Two U.S. senators wrote a letter citing accusations that Instagram was to blame for many youngsters having suicidal thoughts and Meta’s inability to block harmful ads targeted at young individuals.
- In a letter to Mark Zuckerberg, two U.S. senators begged him to put an end to plans to let teenagers use Meta’s metaverse platform, citing serious risks.
- To safeguard consumers from dangerous apps, Meta is thinking of imposing security standards on software that is not sold through its store.
Senators’ Letter to Zuck
Two US senators have written to Meta CEO Mark Zuckerberg requesting that the firm’s Horizon Worlds metaverse platform not be made accessible to young adults. Senators Edward Markey and Richard Blumenthal stated in a letter dated March 1 that if Meta’s claimed plan to “draw young people into a digital realm replete with potential dangers” was motivated by financial gain, it should not be put into action. The two legislators cited privacy issues, eye strain, and online bullying as “severe risks” associated with allowing youths between the ages of 13 and 17 access the internet.
Markey and Blumenthal addressed Zuckerberg, saying, “Your repeated failures to protect underage users make Meta’s plan to target young individuals with services in the metaverse extremely troubling. With a history of failing to rescue kids and teenagers, Meta has lost the trust of parents, clinicians, lawmakers, and the public.
In addition to failing to ban advertising for “tobacco, alcohol, and eating disorder content” directed at young adults, the two senators stated reports that Instagram was the cause of numerous youngsters having suicidal thoughts:
“Your plans to immediately drag these young people into an under-researched, potentially dangerous virtual world with repercussions for their physical and mental health is unacceptable. Our constituents have expressed growing concern about the effects of social media and online platforms on teens’ well-being.”
Markey, a Massachusetts senator who is a junior in the Senate, has called on mining companies to provide information about data collecting and has endorsed legislation aimed at reducing the environmental impact of cryptocurrency mining. In the previous Congress, Blumenthal supported legislation that would have allowed third-party apps and app stores on devices made by significant tech companies.
Three American legislators have proposed legislation that would order the Environmental Protection Agency (EPA) to publish a study on the environmental effects and energy consumption of cryptocurrency mining.
In a December 8 statement, Massachusetts Senator Ed Markey and California Representative Jared Huffman claimed that Bitcoin miners were responsible for about 1.4% of the nation’s electricity use and were “sounding the alarm” about the energy use associated with cryptocurrency mining in the country. The senators introduced the Crypto-Asset Environmental Transparency Act alongside Senator Jeff Merkley, which would direct the EPA to report on mining operations using more than five megawatts.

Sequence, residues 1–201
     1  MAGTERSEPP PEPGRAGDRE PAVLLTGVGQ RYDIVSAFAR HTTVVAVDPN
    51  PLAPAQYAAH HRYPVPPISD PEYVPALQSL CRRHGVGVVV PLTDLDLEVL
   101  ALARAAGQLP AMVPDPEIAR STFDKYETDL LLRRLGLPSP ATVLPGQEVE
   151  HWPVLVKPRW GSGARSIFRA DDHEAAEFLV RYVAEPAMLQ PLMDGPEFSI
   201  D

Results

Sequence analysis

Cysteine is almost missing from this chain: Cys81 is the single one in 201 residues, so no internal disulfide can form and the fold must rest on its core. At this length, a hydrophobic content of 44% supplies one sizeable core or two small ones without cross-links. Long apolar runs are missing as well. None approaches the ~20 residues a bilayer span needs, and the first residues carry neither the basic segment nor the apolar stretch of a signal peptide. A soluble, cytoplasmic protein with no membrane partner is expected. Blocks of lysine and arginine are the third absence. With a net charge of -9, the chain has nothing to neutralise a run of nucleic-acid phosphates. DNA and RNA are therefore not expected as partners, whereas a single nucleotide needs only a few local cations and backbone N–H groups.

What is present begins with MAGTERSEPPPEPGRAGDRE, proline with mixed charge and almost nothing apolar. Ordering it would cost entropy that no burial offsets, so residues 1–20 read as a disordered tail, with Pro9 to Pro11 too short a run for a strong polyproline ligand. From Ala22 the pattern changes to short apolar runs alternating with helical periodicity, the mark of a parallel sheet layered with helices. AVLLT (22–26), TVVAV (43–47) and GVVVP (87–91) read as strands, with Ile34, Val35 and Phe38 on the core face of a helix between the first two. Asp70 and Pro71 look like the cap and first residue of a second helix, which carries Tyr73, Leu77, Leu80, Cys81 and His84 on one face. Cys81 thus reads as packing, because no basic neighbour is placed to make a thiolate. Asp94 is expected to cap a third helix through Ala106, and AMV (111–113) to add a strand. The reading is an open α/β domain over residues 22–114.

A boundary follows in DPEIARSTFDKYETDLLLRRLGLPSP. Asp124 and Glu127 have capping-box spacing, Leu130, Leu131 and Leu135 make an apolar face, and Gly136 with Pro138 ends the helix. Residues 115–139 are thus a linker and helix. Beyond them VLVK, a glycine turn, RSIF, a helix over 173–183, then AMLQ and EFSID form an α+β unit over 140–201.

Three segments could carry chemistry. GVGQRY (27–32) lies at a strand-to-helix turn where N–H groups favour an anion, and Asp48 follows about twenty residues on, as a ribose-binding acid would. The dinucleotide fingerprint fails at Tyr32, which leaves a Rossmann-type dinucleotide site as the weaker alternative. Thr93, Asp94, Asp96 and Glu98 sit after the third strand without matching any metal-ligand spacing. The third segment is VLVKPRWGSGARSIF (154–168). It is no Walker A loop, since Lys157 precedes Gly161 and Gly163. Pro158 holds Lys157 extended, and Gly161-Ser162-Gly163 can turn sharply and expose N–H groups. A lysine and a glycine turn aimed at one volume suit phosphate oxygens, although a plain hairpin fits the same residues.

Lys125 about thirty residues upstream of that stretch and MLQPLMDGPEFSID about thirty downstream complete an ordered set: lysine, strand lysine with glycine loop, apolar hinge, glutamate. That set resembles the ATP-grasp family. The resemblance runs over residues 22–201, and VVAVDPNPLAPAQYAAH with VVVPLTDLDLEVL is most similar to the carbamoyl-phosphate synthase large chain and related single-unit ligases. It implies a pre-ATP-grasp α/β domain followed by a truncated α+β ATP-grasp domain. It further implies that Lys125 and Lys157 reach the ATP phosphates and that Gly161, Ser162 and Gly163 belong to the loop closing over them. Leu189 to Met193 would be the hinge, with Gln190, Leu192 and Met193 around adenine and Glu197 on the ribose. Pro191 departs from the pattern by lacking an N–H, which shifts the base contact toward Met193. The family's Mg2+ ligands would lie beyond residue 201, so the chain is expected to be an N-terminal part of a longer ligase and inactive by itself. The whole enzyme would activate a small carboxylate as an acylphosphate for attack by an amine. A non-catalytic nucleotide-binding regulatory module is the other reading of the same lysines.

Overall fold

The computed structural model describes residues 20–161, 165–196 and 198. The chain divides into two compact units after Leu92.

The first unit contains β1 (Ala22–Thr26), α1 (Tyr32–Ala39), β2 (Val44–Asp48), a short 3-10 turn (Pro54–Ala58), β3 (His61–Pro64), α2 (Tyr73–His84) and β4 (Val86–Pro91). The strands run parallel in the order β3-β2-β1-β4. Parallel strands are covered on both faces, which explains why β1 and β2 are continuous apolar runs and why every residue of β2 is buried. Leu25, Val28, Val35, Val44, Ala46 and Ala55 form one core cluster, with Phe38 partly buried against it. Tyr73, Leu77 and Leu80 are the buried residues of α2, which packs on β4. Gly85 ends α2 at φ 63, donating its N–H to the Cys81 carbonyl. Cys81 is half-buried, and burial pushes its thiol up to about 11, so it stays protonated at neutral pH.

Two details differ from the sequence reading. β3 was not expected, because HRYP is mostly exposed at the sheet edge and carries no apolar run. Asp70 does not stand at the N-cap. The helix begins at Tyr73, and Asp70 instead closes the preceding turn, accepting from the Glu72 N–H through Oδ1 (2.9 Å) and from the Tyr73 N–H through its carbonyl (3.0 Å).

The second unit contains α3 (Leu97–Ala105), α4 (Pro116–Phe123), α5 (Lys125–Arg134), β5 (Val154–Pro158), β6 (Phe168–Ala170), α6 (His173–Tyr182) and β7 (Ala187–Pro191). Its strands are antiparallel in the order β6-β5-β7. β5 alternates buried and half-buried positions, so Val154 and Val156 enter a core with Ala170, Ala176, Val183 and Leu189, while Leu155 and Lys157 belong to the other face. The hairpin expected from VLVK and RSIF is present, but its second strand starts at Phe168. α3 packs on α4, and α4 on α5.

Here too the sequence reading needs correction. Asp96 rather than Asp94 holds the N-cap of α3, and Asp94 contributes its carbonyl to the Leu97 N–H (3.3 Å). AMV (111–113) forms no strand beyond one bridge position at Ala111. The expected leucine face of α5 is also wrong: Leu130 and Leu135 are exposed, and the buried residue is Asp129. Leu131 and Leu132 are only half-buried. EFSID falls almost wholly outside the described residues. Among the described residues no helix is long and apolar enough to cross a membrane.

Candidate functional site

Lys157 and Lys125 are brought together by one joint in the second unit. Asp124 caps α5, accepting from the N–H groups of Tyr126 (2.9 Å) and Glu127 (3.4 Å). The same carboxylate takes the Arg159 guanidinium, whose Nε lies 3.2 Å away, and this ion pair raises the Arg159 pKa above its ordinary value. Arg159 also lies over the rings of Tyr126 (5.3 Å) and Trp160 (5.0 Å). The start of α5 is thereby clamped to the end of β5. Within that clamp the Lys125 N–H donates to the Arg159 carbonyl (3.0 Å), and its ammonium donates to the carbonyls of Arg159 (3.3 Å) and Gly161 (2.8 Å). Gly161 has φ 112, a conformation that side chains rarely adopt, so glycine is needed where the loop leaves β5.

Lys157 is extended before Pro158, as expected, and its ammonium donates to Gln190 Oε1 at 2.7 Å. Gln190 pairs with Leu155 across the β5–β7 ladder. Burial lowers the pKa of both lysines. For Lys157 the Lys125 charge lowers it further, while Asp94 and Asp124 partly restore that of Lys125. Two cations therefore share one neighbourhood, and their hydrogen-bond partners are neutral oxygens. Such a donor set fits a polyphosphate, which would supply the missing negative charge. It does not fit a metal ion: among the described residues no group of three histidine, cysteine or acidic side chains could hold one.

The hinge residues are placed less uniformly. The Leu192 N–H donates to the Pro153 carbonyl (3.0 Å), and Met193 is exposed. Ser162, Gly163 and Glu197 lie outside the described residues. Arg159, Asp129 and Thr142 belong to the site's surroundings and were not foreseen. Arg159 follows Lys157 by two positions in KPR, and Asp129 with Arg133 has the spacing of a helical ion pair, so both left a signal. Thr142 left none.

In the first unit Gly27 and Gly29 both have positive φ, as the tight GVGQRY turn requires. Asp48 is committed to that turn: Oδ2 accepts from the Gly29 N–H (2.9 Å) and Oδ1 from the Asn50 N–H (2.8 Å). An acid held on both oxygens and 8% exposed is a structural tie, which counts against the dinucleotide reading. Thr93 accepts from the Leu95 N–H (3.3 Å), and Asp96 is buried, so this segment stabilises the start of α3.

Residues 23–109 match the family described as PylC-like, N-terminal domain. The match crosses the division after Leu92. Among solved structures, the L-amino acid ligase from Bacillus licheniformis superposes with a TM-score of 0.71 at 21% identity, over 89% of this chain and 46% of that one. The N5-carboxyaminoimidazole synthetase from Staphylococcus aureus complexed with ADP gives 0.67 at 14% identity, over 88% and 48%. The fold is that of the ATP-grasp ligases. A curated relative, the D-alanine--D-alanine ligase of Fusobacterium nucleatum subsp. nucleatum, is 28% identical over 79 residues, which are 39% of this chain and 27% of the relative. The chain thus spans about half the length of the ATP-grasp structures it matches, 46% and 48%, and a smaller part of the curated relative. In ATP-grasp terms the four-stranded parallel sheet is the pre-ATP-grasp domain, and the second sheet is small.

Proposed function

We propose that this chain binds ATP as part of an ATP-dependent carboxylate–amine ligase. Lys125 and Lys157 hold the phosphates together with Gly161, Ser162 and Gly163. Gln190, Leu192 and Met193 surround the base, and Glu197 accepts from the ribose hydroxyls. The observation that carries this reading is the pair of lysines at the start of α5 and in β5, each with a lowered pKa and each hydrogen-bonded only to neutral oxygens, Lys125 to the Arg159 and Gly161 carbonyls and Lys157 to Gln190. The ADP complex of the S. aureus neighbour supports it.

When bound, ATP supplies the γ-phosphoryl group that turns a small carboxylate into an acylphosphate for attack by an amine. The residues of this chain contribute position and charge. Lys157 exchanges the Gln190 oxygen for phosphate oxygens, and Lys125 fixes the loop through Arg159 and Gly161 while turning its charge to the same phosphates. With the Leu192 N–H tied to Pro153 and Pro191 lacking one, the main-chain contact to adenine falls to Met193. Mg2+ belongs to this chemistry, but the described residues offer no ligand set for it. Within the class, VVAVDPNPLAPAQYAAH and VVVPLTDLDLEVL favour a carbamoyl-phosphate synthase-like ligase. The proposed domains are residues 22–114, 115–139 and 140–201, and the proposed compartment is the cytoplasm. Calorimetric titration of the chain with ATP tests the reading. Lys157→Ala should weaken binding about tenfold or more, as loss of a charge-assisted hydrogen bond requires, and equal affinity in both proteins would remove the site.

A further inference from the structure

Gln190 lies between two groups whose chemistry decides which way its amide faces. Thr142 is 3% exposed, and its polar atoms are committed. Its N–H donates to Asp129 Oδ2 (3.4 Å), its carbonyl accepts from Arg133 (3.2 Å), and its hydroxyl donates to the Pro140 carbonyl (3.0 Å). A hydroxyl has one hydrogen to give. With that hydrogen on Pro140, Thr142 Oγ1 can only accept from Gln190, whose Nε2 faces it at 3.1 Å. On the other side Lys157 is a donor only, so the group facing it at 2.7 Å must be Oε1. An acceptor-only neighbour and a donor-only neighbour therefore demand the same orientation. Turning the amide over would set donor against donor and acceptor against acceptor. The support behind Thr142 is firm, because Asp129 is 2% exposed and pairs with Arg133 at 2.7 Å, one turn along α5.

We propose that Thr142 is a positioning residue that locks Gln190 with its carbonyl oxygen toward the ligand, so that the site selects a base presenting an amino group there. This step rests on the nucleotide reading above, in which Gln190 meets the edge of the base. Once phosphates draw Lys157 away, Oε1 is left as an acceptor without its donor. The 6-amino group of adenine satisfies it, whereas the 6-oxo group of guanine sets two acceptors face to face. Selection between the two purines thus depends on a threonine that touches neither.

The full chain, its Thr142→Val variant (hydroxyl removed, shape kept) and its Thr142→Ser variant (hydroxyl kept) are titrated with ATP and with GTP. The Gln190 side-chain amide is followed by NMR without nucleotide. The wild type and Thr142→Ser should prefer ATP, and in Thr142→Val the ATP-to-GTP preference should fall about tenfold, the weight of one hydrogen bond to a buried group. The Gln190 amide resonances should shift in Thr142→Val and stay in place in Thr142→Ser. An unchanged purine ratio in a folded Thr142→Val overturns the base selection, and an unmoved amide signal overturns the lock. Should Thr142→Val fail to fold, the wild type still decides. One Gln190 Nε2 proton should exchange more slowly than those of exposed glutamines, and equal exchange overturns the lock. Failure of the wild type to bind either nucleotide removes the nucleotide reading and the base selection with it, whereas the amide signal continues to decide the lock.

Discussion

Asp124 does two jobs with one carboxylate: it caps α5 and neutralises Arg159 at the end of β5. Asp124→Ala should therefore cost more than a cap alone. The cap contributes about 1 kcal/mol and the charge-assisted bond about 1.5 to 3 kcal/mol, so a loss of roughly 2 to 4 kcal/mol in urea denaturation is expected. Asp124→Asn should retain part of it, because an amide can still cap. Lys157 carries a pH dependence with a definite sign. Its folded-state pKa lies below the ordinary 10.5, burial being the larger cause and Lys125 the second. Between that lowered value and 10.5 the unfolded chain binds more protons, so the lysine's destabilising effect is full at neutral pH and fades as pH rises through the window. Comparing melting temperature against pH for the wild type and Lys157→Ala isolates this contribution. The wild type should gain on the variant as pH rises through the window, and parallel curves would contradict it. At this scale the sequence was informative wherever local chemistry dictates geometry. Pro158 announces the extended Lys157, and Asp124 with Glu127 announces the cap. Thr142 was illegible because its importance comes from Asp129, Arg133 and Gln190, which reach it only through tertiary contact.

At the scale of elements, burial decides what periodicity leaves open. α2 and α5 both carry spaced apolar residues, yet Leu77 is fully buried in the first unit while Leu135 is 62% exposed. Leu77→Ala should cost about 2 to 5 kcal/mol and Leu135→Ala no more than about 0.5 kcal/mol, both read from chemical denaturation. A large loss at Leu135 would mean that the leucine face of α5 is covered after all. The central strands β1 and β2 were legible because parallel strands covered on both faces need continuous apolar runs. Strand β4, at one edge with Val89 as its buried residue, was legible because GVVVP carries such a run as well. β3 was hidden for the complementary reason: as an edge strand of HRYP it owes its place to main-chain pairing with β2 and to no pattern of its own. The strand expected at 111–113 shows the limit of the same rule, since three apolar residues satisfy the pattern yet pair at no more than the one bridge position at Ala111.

The metaverse has advantages for the environment; according to some, it will reduce the amount of travel done for pleasure and business, reducing pollution. It does, however, have drawbacks. Data Quest claims that experts are concerned that the metaverse could cause a rise in greenhouse gas emissions. Data centers and virtual reality technology use AI and cloud services, which consume a lot of energy.
According to a recent study, just one AI model’s training may produce 626,000 pounds of carbon dioxide, more than five times the amount of greenhouse gases a car generates throughout its lifespan. The need for cloud gaming for VR may result in an increase in carbon emissions by 2030.
Many US lawmakers have kept cryptocurrency consumption as a goal, despite the Ethereum blockchain transitioning in 2022 from proof-of-work to proof-of-stake, which uses less energy. In October, Massachusetts Senator Elizabeth Warren joined six other members of Congress in requesting information on the energy needs and potential environmental implications of cryptocurrency mining from the director of the Texas Electric Reliability Council.
To safeguard customers from dangerous apps, the tech giant is considering imposing security criteria for software not found in its store, like Apple verification. Only the EU would be affected by the modifications to Apple’s closed environment; other nations would need to enact legislation with comparable provisions, such as the Open App Markets Act that Senators Marsha Blackburn and Richard Blumenthal have suggested for the US Congress.